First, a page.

My Lords, in moving Amendment 25, I will speak also to Amendment 28. Amendment 25 adds a new subsection to Clause 3. Amendment 28 adds a new clause after Clause 4. They both concern informing Parliament about financial support. Both focus on financial assistance.
Noble Lords may know that the inspiration for the amendments came from the late disclosure of the emergency loans of £62 billion given to HBOS and RBS in October 2008 by the Bank of England. The Treasury indemnified the Bank as this was clearly way beyond the capacity of the Bank's own balance sheet. This was made public only when the Governor of the Bank of England revealed it during evidence to the Treasury Select Committee in another place in November last year. The Chancellor of the Exchequer was then forced to make a Statement to another place setting out the facts. It was revealed not only that these extraordinary loans were kept secret for over a year from shareholders and Parliament but also that the Chancellor had not even informed the chairman of the Public Accounts Committee or the Treasury Select Committee on a confidential basis. This brings me to my two amendments.
Amendment 25 is concerned with the annual report and the minutes of the Council for Financial Stability. In any case of financial assistance, once the conditions of secrecy set out in Clause 3(5) and Clause 4(3) cease to exist, a report should be laid before Parliament. This report would obviously contain the information redacted from the minutes and the annual report.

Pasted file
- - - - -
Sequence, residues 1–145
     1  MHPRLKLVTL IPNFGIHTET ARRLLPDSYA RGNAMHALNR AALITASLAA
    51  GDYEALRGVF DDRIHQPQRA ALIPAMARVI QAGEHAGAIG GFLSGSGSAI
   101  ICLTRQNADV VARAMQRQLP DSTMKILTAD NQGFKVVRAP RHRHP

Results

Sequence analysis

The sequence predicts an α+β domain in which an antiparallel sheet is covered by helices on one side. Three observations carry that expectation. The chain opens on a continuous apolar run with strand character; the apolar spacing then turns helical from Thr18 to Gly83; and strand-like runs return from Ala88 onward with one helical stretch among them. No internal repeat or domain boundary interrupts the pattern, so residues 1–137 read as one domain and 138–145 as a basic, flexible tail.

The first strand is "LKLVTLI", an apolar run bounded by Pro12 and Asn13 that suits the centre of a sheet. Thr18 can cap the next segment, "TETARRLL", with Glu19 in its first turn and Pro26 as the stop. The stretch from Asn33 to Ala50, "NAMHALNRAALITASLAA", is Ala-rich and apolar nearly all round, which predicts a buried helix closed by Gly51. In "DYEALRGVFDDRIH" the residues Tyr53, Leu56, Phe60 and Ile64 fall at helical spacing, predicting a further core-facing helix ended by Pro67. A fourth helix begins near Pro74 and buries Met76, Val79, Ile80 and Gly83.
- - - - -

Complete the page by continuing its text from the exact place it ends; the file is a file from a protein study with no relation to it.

Amendment 28 concentrates on financial assistance to the Bank of England, which would be the normal route for such assistance. This lays on the Treasury the basic obligation to report to Parliament. That report should be made as soon as possible but may be delayed if there is a threat to financial stability. There is no need for a commercial confidentiality let-out here. Parliament must be told if taxpayers' money is being put at risk unless there is a reason at the national level to withhold such information. Importantly, the amendment provides that, if such a report is delayed, there is a positive obligation on the Chancellor to inform Members of Parliament on a confidential basis. It is for him to determine which Members of Parliament that should be. This is the area where the Chancellor badly let Parliament down in relation to RBS and HBOS last year. We must not allow that to happen again.
These amendments overlap to some extent, but I hope that together they demonstrate the range of concerns that should be addressed in this Bill in response to the serious concerns arising from the non-disclosure of the RBS and HBOS arrangements. I beg to move.